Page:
Everything you need to know about investing in a life settlement fund
In a low bond yield and rising interest rate environment, bond investments pose significant interest rate risk and limited portfolio diversification benefits. As such, investors need to utilize other assets besides bonds that provide greater risk-adjusted returns and portfolio diversification benefits. Ideally these assets would have limited to no correlation to interest rate or equity risk.
Replacing part of the bond portfolio, in particular the long-term bond portfolio, with uncorrelated alternative assets can create portfolio diversification and risk-adjusted returns.
By taking assets that would be otherwise allocated to the bond portion of the portfolio (particularly the long-term bond portion) and allocating the assets to life settlements, portfolio managers can achieve higher risk-adjusted returns, greater portfolio diversification, and greater protection against interest rate risk.
Investing in a life settlement fund, can be one way for investors and portfolio managers to provide the portfolio diversification that bonds used to provide in a higher yield environment.
With gross discount rates of 12%-15%, we believe the life settlement market offers significantly higher risk-adjusted returns than either high yield bonds or high quality bonds.
With discount rates well above both high quality and high yield debt, life settlement cash flows offer opportunity for higher risk-adjusted returns in a low yield environment and have increased in popularity the past few years amongst institutional investors but have yet to fully gain traction in the RIA community.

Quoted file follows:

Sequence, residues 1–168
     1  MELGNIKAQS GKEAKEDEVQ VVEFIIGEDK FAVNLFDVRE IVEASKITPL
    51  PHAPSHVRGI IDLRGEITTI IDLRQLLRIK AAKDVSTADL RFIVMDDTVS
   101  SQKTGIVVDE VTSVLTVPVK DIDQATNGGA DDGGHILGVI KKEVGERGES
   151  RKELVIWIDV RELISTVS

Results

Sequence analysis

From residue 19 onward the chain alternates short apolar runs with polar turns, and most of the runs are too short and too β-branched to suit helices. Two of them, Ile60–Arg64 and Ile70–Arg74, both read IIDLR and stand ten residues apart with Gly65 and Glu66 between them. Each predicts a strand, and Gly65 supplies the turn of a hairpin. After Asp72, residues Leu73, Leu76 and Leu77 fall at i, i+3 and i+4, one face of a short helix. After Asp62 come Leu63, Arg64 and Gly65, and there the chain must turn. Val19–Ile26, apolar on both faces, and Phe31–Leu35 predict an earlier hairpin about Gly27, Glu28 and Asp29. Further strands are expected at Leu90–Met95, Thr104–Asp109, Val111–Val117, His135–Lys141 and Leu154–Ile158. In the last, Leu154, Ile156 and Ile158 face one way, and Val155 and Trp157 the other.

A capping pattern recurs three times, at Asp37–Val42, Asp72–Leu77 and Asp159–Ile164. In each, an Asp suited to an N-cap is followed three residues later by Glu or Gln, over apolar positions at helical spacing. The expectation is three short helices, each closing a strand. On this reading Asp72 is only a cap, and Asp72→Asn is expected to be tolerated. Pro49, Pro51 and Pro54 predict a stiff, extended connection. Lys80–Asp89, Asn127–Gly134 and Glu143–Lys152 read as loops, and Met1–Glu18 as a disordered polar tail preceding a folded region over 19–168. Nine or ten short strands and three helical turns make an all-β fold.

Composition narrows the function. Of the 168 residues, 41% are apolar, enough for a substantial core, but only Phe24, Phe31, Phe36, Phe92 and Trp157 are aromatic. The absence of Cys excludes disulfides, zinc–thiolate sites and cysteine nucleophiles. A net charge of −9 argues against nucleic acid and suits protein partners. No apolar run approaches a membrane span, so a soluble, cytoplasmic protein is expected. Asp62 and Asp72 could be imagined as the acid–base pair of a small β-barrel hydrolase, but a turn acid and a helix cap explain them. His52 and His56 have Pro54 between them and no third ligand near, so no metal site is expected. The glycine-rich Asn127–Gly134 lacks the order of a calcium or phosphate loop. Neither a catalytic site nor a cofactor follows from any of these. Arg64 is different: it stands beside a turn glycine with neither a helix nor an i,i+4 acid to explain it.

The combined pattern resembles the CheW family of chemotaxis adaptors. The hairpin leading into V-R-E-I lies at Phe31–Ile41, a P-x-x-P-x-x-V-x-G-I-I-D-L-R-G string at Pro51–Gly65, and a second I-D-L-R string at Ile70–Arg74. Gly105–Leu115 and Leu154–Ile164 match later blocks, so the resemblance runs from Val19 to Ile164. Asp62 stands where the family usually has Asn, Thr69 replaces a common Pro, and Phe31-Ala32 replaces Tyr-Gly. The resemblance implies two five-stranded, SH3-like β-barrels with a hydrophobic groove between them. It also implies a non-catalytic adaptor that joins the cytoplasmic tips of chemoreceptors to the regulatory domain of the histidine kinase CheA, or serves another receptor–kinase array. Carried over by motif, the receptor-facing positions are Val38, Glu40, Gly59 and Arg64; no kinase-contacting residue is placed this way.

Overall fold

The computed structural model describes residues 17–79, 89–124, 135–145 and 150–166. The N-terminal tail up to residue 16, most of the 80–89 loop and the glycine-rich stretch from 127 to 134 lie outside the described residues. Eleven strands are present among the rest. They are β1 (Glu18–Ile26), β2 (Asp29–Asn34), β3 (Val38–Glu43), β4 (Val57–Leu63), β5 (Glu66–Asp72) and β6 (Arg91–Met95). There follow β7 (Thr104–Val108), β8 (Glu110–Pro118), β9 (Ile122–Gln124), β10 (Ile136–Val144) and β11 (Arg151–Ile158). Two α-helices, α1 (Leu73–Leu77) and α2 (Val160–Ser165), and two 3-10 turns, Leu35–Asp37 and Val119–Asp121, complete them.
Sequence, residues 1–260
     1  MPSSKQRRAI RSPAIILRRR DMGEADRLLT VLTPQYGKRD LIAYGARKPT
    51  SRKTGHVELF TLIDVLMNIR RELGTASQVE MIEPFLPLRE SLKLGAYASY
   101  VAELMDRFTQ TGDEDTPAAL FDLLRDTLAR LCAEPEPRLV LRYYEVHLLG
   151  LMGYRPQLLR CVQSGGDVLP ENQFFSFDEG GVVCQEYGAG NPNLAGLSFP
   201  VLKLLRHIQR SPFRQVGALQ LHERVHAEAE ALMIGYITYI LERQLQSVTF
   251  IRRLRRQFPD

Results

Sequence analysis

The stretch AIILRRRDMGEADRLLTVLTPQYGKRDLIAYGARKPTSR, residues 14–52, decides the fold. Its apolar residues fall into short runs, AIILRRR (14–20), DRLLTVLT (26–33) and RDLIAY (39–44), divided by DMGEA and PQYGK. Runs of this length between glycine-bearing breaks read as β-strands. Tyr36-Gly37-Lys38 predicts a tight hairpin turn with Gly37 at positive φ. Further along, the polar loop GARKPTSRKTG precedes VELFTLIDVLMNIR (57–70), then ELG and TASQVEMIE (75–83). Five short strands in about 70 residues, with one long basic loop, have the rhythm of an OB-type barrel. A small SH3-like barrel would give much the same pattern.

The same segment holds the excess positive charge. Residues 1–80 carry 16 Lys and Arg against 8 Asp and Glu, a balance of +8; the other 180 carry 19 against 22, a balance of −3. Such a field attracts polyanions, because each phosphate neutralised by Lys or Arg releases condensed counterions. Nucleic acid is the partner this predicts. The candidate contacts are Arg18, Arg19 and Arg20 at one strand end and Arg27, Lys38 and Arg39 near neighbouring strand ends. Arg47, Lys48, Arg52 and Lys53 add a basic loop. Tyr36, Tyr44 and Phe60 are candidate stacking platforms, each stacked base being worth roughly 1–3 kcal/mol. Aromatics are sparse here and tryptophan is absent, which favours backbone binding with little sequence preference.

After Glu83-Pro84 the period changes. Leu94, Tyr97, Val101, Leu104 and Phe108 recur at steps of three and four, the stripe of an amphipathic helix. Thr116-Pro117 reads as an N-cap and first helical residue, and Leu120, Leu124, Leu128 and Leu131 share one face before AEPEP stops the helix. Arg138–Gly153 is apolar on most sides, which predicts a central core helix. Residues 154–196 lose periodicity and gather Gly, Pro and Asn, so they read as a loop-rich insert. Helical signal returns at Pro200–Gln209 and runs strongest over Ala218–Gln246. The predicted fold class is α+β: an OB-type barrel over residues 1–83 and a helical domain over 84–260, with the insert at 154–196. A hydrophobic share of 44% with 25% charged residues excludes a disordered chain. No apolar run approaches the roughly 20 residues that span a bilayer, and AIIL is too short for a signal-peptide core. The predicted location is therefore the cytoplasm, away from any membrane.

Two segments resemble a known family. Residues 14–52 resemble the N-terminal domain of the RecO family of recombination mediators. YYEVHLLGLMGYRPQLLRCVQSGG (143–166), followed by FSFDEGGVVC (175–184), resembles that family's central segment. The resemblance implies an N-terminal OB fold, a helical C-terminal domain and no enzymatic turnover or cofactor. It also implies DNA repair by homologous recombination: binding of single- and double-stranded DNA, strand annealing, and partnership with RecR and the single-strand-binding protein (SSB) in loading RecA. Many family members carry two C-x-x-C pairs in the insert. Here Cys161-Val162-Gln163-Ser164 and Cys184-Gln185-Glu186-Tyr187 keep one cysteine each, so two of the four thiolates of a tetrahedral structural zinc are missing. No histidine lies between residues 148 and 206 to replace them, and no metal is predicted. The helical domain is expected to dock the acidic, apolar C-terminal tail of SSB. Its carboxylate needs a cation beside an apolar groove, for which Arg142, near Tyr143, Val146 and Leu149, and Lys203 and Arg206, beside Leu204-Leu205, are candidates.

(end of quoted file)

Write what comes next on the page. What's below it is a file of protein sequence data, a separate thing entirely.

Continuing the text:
For those, that are not familiar with what a life settlement investment is, a life settlement is the sale of an in-force life insurance policy to a third party for an amount greater than what the insured could receive from simply canceling the policy. In return for providing the seller with a cash payment, the third-party purchaser (investor) owns the life policy, pays all premium payments going forward and eventually receives the entire death benefit at the time of the insured’s death.
A life settlement allows the current policy owner (seller) to exit his investment in an asset that he or she no longer needs or can no longer afford. For the buyer, the investment offers a great risk-adjusted returns and cashflows that are not correlated to market or interest rate risk.
A life settlement transaction provides benefits for both the seller wishing to exit the investment and the buyer looking to acquire an investment that is uncorrelated to market or interest rate risk. A life settlement fund is simply an investment in many policies from different sellers as opposed to just one single life settlement transaction. By acquiring multiple policies, life settlement funds can help diversify the mortality risk.
For those looking to invest in a life settlement fund, there are several characteristics to look for in a fund as well as the life settlement fund manager:
1. Actuarial and insurance expertise